On Harry in Love, part 1: Foreman & Me
(Yesterday I said I was going to write about some more influences on Everything Must Go and then get to Harry in Love, but it's worked out differently)
I wouldn't be directing theatre today if it weren't for Richard Foreman. I maybe should say, "the work of Richard Foreman," but Richard himself is somewhat responsible personally.
The big love of my life for the longest time was Film, and all I ever wanted to do was to make movies. At the same time, I loved to act, especially on stage. For most of my teens and twenties, if you'd asked me what I really wanted to do with myself, I would have told you that I wanted to make movies and act in theatre.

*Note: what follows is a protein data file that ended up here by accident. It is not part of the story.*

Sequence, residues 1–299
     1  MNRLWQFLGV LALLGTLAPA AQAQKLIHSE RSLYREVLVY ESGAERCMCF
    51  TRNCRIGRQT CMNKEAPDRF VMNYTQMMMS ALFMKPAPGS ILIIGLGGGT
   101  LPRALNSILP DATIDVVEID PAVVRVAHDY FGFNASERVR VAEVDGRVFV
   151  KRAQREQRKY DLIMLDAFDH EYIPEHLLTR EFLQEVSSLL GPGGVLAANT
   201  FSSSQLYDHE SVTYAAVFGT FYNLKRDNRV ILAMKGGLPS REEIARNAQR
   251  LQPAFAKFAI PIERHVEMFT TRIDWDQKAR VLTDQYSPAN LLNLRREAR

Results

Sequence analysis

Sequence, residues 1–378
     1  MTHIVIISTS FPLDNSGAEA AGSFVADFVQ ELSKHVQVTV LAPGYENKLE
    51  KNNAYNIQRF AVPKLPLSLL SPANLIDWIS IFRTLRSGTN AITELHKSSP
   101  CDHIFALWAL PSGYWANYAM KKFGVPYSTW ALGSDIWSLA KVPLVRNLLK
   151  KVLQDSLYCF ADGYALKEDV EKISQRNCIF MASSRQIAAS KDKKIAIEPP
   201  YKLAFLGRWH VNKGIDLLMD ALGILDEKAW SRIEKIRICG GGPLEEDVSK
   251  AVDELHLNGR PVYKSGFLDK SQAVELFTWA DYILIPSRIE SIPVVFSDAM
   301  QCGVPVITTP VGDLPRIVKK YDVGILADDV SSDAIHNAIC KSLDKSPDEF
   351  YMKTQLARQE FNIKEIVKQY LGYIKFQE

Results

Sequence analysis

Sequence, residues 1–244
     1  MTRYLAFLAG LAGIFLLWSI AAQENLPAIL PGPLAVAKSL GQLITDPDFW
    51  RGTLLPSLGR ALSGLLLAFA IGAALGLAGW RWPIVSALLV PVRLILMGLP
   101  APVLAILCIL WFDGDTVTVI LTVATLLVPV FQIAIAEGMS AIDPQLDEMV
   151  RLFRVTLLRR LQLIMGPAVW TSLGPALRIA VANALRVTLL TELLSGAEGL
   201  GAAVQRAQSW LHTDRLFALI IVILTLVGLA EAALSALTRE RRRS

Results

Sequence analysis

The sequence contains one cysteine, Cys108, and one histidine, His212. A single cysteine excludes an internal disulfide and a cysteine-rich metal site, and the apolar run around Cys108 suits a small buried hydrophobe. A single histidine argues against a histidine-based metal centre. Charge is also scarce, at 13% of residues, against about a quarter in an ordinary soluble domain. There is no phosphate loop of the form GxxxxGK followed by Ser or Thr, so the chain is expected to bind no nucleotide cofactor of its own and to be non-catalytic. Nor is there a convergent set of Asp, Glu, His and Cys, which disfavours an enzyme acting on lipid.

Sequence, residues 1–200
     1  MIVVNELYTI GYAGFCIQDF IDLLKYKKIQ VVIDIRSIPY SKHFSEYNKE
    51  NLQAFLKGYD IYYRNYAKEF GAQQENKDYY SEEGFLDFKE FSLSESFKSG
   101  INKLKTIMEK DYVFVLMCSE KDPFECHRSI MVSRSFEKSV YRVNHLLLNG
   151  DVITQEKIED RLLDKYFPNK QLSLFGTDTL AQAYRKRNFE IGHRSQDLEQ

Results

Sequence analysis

I went to NYU Film School at Tisch School of the Arts, and loved it, but by the time I graduated, having made a 10-minute Junior-year film, "How Did You Manage To Steal a Car from a Rolling Train?", and an hour-long Senior film, Deep Night, which mixed black-and-white and color live action, animation of various kinds (cel, clay, pixilation), musical numbers, crazed stylistic shifts, fake documentary sections, a hand-cranked silent movie scene, metacommentary through intertitles, and basically everything that I ever wanted to do or see in movies, I was a little worn out and empty in regard to the form. I had made a film - not a great one, but a substantial one - in which I burned through most of the ideas I had about what I wanted to do with the medium, whether they belonged in the film or not. And now my big calling card was a strange, uneven hour-long film, which is a useless length for a movie anyway (as Dan O'Bannon has pointed out, having learned that lesson with John Carpenter when they made the original student film version of Dark Star - below 45 minutes, good, above 80 minutes, fine, anything in-between, there is no use for it in the world - festivals won't take it, no one's interested in watching it), and which most people didn't get and a bare few thought some kind of masterpiece (a phrase I've had applied to my work more than a few times, "some kind of masterpiece" – what is that supposed to mean?).